A HIS­TORY LES­SON

Go! Drive and Camp Camp Guide - - Before You Hit The Road -

1870’s Where do you come from?

The grand­daddy of mod­ern traf­fic signs saw the light of day in the late nine­teenth cen­tury, back when cy­clists were de­scribed as peo­ple on “fast ma­chines that move qui­etly and of which the ped­dles are dif­fi­cult to con­trol and that can travel long dis­tances”. Road signs were placed for their ben­e­fit – to warn against slip­pery roads and steep hills ahead.

1903 Bad with the good.

The first se­ri­ous car ac­ci­dent in South Africa took place at a level cross­ing in the Cape when one Charles Gar­lick parked his dad’s Dar­racq in front of the Jo­han­nes­burg Ex­press trav­el­ling at full speed.

1909 All to­gether now.

The first traf­fic bosses in Paris, France, con­sid­ered stan­dar­d­is­ing traf­fic signs, and three years later the Bri­tish an­nounced four na­tional road signs that in­di­cated what the signs should look like. Shortly af­ter that nine Euro­pean coun­tries agreed to use a com­mon sign for a bump, turn, cross­ing and train cross­ing.

1971 Jo­han­nes­burg 23 km Miles be­come kilo­me­tres.

The met­ric sys­tem re­placed the Im­pe­rial sys­tem, and South Africa now mea­sured in kilo­me­tres rather than miles.

Why right? In most coun­tries in the world peo­ple drive on the right side of the road. This sup­pos­edly dates back to an era of horse-drawn wag­ons in Amer­ica, when wag­ons drawn by sev­eral pairs of horses didn’t have space for a driver on a wagon. The driver sat on the last horse at back on the left-hand side with a whip in his right hand.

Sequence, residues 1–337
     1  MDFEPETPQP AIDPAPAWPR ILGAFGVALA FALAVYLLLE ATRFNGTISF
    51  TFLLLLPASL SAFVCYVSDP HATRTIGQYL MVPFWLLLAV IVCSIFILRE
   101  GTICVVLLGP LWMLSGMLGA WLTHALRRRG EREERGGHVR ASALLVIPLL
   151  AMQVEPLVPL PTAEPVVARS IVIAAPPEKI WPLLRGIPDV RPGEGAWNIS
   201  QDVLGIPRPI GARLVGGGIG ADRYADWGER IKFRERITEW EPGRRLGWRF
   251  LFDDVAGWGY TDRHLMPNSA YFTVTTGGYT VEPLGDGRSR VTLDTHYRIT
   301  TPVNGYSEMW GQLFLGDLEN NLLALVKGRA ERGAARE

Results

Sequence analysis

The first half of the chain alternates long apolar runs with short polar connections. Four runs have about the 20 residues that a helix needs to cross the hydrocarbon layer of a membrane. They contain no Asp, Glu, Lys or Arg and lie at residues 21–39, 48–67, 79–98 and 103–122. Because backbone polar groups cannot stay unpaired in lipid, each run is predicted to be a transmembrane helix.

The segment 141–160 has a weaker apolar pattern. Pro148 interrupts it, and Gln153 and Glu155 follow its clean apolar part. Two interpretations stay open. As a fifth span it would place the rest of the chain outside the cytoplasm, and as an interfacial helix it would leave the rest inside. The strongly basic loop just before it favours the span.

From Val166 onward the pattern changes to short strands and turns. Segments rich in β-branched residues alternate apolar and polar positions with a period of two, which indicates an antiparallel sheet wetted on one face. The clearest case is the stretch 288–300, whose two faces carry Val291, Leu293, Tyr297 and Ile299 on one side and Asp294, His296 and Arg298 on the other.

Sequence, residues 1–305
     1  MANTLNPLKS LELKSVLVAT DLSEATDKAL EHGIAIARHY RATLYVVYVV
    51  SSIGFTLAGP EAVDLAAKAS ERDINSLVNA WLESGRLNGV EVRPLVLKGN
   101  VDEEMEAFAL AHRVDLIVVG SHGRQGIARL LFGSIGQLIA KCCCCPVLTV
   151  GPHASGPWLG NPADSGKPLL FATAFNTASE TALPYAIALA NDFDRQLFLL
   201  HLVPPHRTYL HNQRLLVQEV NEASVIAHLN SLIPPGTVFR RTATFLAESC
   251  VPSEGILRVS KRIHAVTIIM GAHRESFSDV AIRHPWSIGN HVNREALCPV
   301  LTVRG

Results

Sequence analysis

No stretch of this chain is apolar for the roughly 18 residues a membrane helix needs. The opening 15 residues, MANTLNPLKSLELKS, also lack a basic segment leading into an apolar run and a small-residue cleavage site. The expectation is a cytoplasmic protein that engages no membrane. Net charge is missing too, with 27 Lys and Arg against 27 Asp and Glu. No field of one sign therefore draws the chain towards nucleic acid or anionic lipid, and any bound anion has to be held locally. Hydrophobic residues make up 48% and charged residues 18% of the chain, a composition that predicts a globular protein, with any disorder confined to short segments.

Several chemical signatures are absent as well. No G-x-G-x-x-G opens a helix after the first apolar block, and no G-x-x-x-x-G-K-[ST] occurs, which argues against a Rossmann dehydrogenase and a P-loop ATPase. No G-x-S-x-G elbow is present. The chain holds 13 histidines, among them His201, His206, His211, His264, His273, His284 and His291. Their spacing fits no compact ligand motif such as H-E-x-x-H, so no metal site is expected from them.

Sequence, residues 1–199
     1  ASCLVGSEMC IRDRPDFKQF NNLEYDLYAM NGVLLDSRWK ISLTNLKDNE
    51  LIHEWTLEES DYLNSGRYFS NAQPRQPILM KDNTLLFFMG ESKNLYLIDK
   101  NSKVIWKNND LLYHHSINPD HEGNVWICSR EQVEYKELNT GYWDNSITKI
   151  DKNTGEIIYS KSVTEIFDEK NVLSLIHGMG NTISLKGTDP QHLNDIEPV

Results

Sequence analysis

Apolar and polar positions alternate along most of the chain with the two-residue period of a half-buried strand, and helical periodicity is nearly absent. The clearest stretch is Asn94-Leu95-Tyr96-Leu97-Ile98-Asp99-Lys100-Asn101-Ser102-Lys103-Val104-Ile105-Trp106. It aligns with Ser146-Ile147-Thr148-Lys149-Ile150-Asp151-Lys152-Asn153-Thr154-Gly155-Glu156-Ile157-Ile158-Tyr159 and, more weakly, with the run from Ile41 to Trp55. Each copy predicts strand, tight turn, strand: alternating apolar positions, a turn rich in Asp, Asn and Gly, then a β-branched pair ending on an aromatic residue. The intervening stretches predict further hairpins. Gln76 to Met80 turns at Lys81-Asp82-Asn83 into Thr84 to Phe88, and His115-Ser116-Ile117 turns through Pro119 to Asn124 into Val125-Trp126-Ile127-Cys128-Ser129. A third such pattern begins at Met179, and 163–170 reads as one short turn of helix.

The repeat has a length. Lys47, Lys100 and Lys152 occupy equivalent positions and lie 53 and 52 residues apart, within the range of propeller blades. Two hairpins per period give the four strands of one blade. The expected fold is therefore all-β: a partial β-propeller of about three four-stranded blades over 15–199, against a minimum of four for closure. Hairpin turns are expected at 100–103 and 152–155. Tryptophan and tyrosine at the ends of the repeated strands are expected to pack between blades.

To bet­ter see the on­com­ing traf­fic, they had to keep left of him, and there­fore he had to drive on the right side of the road. Why left? The Bri­tish dis­cov­ered an­cient Ro­man coach tracks in­di­cat­ing that th­ese guys ac­tu­ally pre­ferred the left side of the road. The as­sump­tion is that rid­ers kept left be­cause most of them were right-handed. They could there­fore hold the reigns in the left hand and have the right hand free to greet on­com­ing rid­ers or hold a sword

when there’s trou­ble. (Or to show rude signs to other coach­men that dis­obeyed the traf­fic rules. – Ed.)

In coun­tries like South Africa, Aus­tralia and In­dia, which pre­vi­ously were Bri­tish colonies, peo­ple still drive on the left side of the road.

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